Expert Speak Health Express
Published on Jan 06, 2021
The difference between conventional and alternative medicine must eventually be removed so that the medicines that work are available to all practitioners.
Policy challenges amidst modern medicine and AYUSH: What is the solution?

A recent gazette notification by the Central Council of Indian Medicine (CCIM) specifying a list of 58 surgeries that could legally be carried out by Ayurvedic doctors who had qualified in post-graduation, including MS (Ayurveda), MS (Gynaecology), MS (ENT) and MS (Ophthalmology) has put “allopathic” doctors and associations on the warpath. The Indian Medical Association (IMA) has taken their objection up in a big way, holding public demonstrations against it and calling for a one-day strike. The Maharashtra Medical Council, in its circular dated 15 December 2020, stated that a person obtaining qualification in any other system of medicine is not allowed to practice Modern system of Medicine in any form” and that “the physician should practice methods of healing founded on scientific basis and should not associate professionally with anyone who violates this principle, warning that any such an association would be a breach of ethics. The associations have not been satisfied with a clarification issued by the CCIM that the said gazette notification was for clarity.

The government now has two choices: Keep traditional and modern medicine separate and maintain the purity of each, or integrate them fully and allow physicians to decide the modality they would like to use as treatment.

The abovementioned surgical courses were already in existence since several years. The problems associated with “cross-pathy” are a legitimate cause of concern. A 2018 paper pointed out that “existing state policies that legitimise Allopathic practice by non-Allopathic practitioners do not help the rural poor to access proper medical treatment for acute conditions,” or “enhance the credibility of the indigenous systems of medicine.” However, it is equally true that modern medicine has liberally borrowed from traditional medicines both in pharmacopeia as well as in surgical techniques — the kshar-sutra was incorporated as “seton” and forehead and cheek flaps used by Sushruta for nose reconstruction are still mainstream in modern plastic surgery. Over the centuries, the line between traditional and modern has been significantly blurred. The government now has two choices: Keep traditional and modern medicine separate and maintain the purity of each, or integrate them fully and allow physicians to decide the modality they would like to use as treatment.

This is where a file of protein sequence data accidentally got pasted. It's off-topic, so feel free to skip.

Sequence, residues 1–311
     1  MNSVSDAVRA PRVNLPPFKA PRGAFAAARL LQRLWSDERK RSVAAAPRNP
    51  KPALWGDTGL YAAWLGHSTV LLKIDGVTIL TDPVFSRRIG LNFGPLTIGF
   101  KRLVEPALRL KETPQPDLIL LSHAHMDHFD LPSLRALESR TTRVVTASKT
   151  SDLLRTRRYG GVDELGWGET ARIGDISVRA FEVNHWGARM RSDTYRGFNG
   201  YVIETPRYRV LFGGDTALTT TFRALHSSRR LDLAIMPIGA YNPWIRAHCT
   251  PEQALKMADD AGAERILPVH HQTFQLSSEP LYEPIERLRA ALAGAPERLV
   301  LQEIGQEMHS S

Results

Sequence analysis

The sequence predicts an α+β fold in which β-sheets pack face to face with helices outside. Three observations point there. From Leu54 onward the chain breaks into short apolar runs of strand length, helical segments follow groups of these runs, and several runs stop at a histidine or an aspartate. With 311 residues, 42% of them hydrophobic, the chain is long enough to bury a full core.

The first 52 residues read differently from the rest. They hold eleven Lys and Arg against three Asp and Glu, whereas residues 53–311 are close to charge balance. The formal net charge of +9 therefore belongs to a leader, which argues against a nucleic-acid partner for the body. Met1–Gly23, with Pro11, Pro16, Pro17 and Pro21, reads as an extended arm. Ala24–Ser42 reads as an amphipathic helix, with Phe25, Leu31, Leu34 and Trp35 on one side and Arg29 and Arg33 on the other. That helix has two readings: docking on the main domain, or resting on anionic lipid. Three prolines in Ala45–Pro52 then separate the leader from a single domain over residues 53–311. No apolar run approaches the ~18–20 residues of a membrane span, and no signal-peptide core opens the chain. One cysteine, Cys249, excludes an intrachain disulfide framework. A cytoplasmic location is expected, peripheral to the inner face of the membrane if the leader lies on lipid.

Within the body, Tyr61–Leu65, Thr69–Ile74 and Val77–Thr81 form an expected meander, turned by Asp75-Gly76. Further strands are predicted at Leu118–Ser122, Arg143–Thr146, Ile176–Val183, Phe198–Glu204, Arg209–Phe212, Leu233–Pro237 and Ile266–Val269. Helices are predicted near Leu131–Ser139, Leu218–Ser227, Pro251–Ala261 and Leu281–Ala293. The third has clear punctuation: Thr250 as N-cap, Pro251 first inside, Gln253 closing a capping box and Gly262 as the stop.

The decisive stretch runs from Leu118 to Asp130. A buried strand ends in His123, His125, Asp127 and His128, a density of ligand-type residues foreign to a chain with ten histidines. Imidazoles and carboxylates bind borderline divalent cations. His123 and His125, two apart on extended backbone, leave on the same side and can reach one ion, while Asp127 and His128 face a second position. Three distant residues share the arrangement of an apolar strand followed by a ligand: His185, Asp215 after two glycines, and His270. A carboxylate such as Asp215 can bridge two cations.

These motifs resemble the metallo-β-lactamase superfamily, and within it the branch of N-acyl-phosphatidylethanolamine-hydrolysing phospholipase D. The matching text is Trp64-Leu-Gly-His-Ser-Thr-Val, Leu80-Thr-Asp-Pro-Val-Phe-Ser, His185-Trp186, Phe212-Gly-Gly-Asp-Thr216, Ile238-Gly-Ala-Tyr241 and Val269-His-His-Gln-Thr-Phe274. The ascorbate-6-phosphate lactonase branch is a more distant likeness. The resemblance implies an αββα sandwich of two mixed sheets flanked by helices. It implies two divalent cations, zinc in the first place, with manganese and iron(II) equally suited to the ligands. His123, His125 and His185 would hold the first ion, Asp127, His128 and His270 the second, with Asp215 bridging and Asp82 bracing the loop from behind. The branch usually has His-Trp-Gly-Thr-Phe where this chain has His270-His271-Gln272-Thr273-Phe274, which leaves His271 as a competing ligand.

Academic rigour

Ayurvedic practitioners’ graduation courses are often substandard and the post-graduate courses offered at most of their institutes are of extremely poor quality. The same rigour seen in MBBS and post-graduate medical colleges is generally lacking. Successive governments have made it easier to set up AYUSH medical colleges. A 2011 paper pointed out that there were “serious flaws” in the BAMS course, due to which a large number of graduates lacked basic clinical skills. Most AYUSH institutions would have to shut down if they were subjected to the same norms of stringency in scrutinisation that MBBS medical colleges are subjected to, and, indeed, have survived despite this chiefly due to political patronage. In 2019, the Central Government granted conditional permission to 352 AYUSH medical colleges. Whereas, MBBS graduates and post-graduates from public hospitals have to mandatorily serve a specified bond period in rural areas, graduates and post-graduates from AYUSH public hospitals are not subjected to any such restrictions. Whereas, accreditation is being virtually made a prerequisite for empanelment with insurers and government schemes for Modern Hospitals, only three AYUSH hospitals in the entire country have been accredited in the past ten years.

Research output

By and large, very few Ayurvedic treatments have been successfully validated by well-designed randomised controlled trials (RCTs). Due to this, the vast potential of the science has not been tapped. A few RCTs have been conducted, such as a trial comparing conventional anti-diabetes treatment with Ayurvedic system that showed equivalent outcomes in control of Diabetes mellitus. RCTs published in the Journal of Clinical Rheumatology compared outcomes of conventional, Ayurvedic and combination therapy in the treatment of rheumatoid arthritis as well as Hydroxychloroquine with standardised Ayurvedic multi-herb therapy which showed that outcomes were equivalent in the Ayurvedic group with fewer adverse effects. On the other hand, another RCT found that there was no difference between outcomes of treatment of diarrhoea-predominant IBS with Ayurvedic formulation and placebo. To be accepted as legitimate medications in the present times, even age-old remedies need to be put through, and prove themselves, in rigorous trials.